RICHMOND, Va. - A federal judge plans to approve a settlement between Virginia and the federal government that would shift the care of people with intellectual disabilities to community-based services.
But the judge wants the agreement to include changes to protect the rights of hundreds of profoundly disabled Virginians who live in state-run facilities.
U.S. District Judge John Gibney said Friday that he plans to include some specific changes to the agreement, then issue a consent decree after the modifications are made. They include making the state accountable to the court for upholding its provisions.
Gibney said he still has concerns that some language in the agreement is too vague and unenforceable.
The $2 billion settlement agreement stems from a lawsuit the Justice Department filed against Virginia over what it called systemic violations of the Americans With Disabilities Act.
It will create nearly 4,200 waivers over 10 years for people with intellectual disabilities who are on waiting lists for special services. Under such waivers, people with intellectual or developmental disabilities give up their right to state institutional care in exchange for services. It also calls for the closure of four of the five state-run training centers for Virginians with profound intellectual and developmental disabilities.
Gibney's decision followed more than six hours of witness testimony and attorneys' arguments for and against the settlement and about the current state of community-based services in a packed courtroom.
A group representing profoundly disabled and medically fragile training-center residents opposed the original deal, saying that it would lead to the centers' shutdown and would deprive their loved ones of what they regard as appropriate care under federal disability law _ and, in some cases, put them at risk for death.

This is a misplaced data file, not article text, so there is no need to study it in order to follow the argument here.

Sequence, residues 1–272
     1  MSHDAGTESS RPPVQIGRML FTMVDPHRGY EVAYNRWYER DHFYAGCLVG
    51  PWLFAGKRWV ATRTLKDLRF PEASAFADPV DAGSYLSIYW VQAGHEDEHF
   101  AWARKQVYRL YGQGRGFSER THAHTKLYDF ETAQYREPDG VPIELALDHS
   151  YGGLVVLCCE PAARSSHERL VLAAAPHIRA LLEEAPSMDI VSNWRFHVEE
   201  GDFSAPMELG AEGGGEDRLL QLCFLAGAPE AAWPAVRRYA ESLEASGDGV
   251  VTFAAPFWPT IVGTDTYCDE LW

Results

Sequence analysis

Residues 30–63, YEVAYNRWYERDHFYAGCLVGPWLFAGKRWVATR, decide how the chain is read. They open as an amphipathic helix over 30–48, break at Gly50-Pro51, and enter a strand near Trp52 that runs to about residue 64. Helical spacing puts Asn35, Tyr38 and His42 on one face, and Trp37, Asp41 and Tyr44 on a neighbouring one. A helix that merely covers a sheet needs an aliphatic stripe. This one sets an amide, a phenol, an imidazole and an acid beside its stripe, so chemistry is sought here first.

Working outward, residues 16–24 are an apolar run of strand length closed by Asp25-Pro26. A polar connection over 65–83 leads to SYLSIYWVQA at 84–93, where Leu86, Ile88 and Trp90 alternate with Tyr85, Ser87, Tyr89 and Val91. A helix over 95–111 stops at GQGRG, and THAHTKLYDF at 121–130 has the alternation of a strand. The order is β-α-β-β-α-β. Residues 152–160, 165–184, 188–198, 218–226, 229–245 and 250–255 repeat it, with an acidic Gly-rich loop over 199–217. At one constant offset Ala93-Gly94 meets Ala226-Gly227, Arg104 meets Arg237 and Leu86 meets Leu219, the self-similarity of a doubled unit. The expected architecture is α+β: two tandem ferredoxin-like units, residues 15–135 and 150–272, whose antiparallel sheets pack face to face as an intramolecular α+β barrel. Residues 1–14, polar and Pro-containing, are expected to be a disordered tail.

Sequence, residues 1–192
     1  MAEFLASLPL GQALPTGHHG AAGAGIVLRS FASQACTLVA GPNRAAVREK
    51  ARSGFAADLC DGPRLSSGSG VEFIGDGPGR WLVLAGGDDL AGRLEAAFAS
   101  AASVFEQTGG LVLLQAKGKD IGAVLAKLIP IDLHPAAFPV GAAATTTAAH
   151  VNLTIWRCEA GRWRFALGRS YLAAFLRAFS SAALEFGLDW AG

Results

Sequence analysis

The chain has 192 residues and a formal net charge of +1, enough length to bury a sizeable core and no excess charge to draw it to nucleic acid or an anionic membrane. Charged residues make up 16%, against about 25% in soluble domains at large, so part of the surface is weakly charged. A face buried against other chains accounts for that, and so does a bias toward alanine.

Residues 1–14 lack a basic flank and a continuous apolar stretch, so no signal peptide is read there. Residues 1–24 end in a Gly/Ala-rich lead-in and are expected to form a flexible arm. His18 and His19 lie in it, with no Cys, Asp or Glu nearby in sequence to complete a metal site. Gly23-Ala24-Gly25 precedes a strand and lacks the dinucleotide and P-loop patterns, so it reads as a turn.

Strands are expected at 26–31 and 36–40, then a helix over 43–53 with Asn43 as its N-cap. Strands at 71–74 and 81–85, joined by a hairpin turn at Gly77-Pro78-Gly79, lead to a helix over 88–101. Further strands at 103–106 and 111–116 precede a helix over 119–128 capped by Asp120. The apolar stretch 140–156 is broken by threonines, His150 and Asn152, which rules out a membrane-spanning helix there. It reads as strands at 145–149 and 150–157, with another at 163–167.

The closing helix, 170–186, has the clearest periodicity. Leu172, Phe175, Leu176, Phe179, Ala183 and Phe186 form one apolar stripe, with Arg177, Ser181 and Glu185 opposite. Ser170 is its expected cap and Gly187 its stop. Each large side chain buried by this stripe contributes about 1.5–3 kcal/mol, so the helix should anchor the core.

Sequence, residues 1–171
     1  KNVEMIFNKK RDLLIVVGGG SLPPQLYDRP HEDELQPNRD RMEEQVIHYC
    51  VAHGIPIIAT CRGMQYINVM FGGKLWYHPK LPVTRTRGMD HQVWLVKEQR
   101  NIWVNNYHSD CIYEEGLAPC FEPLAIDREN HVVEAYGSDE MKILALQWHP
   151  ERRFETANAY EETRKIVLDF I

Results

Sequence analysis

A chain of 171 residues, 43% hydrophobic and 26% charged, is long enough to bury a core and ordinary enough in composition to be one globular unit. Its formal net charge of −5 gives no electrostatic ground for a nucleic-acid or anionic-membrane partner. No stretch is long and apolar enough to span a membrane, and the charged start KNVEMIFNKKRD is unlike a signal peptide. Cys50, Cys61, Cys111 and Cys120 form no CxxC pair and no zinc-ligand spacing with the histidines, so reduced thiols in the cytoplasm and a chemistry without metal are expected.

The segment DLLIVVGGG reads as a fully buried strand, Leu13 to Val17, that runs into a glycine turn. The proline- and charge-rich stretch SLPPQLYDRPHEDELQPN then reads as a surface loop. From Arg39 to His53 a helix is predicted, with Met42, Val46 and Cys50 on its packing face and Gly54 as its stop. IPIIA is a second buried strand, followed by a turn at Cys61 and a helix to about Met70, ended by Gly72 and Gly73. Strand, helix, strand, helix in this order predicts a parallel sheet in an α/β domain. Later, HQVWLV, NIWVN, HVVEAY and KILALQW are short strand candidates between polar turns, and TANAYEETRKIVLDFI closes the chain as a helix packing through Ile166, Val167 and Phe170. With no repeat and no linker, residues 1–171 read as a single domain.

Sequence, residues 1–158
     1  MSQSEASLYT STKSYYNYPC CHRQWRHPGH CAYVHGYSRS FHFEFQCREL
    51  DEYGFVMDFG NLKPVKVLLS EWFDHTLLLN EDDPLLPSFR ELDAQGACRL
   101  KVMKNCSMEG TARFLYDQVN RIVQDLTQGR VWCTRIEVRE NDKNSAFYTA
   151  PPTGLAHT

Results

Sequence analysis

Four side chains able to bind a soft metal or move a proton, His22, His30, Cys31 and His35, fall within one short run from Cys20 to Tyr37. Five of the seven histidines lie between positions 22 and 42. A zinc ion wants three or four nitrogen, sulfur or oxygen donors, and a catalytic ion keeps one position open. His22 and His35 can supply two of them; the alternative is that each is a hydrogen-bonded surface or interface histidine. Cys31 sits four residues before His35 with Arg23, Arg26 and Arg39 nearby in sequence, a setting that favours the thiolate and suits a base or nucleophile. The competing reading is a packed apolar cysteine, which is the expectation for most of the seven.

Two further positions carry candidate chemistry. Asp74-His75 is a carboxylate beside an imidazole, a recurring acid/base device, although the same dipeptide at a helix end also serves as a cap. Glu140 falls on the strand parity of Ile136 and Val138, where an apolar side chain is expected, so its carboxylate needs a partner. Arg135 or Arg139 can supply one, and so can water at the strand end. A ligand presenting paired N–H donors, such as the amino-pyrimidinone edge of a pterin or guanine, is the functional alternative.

Attorneys for Virginia and the Justice Department asked Gibney to approve the settlement, saying that it would benefit thousands of Virginians awaiting services and that it includes appropriate safeguards.
The family group's attorney, Thomas B. York, said after the hearing that he was glad that Gibney is making a point to include "pretty important language" in the modified agreement that addresses concerns the parents raised when they challenged the settlement regarding their loved ones being forced out of what works for them.
"If the language is strong enough and protects our parents, we'll be pleased," York said.
A key element that Gibney wants spelled out in the agreement is the provision that residents of training centers can insist on remaining in state-run facilities, though they cannot choose specific sites. Another provision is one that states that Virginia officials cannot remove residents from their facilities without their consent or that of their parents or authorized representatives.
Gibney also wants included in the settlement a requirement that the state report deaths and serious injuries of former training center residents who leave state-run centers for group homes or other facilities.
In making his determination to approve the settlement, Gibney found that it was lawful, fair, consistent with public policy and showed no collusion between the state and Justice Department.
Virginia has made an ideological or political decision to shut down the training centers and is using the settlement as a vehicle to do so, Gibney said.
Under the agreement, Southside Virginia Training Center in Petersburg would close by June 30, 2014; Northern Virginia Training Center in Fairfax by June 30, 2015; Southwestern Virginia Training Center in Hillsville by June 30, 2018, and Central Virginia Training Center in Lynchburg _ the state's largest with 400 residents _ by June 30, 2020.
A coalition of advocacy groups has voiced support for the settlement, saying that it would address the backlog of Virginians with intellectual or developmental disabilities awaiting services.
Currently, 983 Virginians live in state training centers, down from about 5,800 in the mid-1970s. The shift toward community-based services is part of a nationwide trend and comes after federal special-education law provided assistance to families so their children could remain at home rather than be institutionalized. Virginia enacted its community-based waiver program in 1990.
James Stewart III, commissioner of Virginia Department of Behavioral Health and Developmental Services, said more than 6,300 Virginians with intellectual and developmental disabilities are on the waiting list for Medicaid waiver slots, and 3,000 of them are on what's considered an urgent waiting list, based on their medical needs.
Zinie Chen Sampson can be reached on Twitter: https://www.twitter.com/zinie
(Copyright 2012 The Associated Press. All rights reserved. This material may not be published, broadcast, rewritten or redistributed.)
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